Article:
What Is the HIPAA Minimum Necessary Rule?
The HIPAA minimum necessary rule is an important part of HIPAA compliance and can help prevent covered entities from accessing more PHI than necessary.
What is the minimum necessary rule?
The minimum necessary rule is a part of the Privacy Rule for HIPAA. This rule requires covered entities to make reasonable efforts to only access the minimum amount of protected health information necessary to fulfill their goal.
What Is HIPAA?
The Health Insurance Portability and Accountability Act (HIPAA) regulates how hospitals, doctor’s offices, insurance companies, and their business partners handle and protect patient information—namely, that which is called protected health information (PHI).
These rules span any place where PHI comes into contact with users, doctors, and patients.
HIPAA is managed by the Department of Health and Human Services and separated into separate sections, known as rules that govern specific aspects of the regulations:
The Privacy Rule
The Privacy Rule is the first rule of HIPAA, and in many ways, the foundation of any rule that comes after it. It defines the organizations that are governed by HIPAA:
- Covered Entities (CE): Hospitals, doctor’s offices, insurance companies, or other organizations directly providing healthcare-related services.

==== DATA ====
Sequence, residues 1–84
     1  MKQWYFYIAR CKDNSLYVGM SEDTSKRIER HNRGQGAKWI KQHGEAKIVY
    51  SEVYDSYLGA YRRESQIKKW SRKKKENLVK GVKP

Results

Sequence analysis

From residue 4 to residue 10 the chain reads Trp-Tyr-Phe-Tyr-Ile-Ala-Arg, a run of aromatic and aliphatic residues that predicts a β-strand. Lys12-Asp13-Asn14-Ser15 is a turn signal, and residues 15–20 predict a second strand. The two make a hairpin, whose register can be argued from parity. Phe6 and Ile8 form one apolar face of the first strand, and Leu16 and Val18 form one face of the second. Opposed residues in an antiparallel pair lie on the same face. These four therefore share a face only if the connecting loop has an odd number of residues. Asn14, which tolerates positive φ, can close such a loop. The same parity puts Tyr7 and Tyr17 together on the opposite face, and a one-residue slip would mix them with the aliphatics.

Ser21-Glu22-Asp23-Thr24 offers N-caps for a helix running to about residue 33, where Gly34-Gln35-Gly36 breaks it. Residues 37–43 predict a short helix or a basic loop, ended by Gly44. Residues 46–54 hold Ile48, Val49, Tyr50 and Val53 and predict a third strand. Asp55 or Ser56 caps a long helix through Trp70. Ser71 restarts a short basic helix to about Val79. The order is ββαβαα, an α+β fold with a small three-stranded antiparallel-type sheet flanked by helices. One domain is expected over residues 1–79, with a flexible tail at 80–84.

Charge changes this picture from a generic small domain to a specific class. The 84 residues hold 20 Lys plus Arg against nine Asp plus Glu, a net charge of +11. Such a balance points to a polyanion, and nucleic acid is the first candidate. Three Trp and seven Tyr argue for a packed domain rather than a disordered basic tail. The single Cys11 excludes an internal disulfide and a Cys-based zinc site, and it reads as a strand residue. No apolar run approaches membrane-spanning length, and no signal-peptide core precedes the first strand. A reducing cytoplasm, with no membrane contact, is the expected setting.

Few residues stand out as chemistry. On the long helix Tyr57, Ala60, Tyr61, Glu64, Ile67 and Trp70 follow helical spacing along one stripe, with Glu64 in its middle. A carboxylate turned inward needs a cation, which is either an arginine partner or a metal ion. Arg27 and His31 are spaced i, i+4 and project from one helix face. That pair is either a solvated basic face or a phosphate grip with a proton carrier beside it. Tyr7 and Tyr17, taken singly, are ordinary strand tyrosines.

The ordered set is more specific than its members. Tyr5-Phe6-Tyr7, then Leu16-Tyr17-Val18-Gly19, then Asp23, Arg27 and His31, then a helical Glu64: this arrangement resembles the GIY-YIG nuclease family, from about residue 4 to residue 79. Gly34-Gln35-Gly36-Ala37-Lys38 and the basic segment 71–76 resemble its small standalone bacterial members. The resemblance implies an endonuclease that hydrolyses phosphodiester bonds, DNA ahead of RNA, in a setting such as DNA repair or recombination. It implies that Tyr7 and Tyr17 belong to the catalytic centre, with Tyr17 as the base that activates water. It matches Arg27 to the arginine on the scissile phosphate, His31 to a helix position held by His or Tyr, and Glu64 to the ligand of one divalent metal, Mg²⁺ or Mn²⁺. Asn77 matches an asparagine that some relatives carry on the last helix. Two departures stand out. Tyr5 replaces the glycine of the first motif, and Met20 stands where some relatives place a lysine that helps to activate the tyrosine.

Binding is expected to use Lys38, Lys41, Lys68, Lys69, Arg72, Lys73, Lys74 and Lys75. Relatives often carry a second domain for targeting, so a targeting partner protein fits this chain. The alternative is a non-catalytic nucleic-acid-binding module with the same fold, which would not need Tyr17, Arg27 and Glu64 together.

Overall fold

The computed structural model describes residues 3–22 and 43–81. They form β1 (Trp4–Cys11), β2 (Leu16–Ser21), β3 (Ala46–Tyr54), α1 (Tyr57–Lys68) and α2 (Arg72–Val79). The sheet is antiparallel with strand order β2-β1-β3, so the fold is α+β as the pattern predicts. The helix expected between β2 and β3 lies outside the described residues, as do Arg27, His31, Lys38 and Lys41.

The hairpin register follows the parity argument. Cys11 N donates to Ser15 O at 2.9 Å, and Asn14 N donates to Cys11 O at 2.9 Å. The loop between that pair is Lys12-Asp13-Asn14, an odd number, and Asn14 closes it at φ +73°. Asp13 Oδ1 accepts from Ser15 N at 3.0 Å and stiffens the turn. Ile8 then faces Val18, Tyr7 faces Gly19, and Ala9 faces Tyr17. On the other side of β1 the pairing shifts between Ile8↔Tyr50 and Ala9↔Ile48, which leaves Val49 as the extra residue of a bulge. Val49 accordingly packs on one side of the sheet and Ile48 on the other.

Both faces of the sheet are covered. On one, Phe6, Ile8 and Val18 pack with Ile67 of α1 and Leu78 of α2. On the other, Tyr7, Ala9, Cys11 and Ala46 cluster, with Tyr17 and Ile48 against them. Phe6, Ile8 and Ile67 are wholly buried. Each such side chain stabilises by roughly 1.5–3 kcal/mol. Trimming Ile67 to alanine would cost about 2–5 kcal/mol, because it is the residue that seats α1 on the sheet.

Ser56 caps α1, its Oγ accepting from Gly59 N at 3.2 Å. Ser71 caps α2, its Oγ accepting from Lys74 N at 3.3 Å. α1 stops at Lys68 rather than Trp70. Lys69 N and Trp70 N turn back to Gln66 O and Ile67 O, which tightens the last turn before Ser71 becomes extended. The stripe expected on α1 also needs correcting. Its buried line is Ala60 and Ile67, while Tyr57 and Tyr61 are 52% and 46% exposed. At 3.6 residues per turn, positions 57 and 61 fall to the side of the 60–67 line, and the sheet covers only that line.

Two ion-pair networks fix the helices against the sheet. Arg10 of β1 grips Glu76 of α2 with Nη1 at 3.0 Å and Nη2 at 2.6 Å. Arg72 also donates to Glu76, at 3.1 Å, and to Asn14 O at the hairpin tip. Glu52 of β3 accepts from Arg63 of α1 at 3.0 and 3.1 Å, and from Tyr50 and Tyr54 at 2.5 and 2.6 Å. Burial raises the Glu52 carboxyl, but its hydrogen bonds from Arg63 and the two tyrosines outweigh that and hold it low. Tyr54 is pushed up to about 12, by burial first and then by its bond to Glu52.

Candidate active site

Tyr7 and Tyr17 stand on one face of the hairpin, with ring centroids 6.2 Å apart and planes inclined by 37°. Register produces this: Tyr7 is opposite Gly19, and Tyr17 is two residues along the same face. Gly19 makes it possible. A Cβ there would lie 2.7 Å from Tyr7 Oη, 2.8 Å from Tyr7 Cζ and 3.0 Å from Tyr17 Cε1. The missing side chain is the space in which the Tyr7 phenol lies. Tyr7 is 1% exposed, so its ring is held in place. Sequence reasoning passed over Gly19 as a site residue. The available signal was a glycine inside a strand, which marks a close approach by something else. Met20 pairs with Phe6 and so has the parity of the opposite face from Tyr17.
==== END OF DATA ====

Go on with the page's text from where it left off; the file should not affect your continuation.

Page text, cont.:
- Business Associates (BA): Any third-party vendor or service provider that works with a CE in a capacity that interfaces with PHI. This can include financial services, data storage services, email, or cloud services.
Furthermore, the Privacy Rule dictates the responsibilities of CEs and BAs. Namely, these organizations must make any and all reasonable efforts to protect the privacy of PHI against unauthorized disclosure to third parties outside of the patient/organization relationship. Under no circumstances are CEs or BAs to allow unauthorized disclosures of PHI, personally identifiable information (PII), or financial information related to healthcare services.
There are some exceptions outlined by the Privacy Rule. These include situations like research, legal requirements, public service, or emergencies that provide contexts where unauthorized disclosure can be justified.
The Security Rule
To facilitate the protections of PHI as defined in the Privacy Rule, HIPAA puts into place security requirements in the Security Rule. This rule breaks down the requirements into three categories:
- Technical Controls: Organizations must implement the technology and systems needed to protect PHI. This includes using HIPAA encryption, proper identity and access management systems, perimeter security systems, hardware and device protection, and other controls.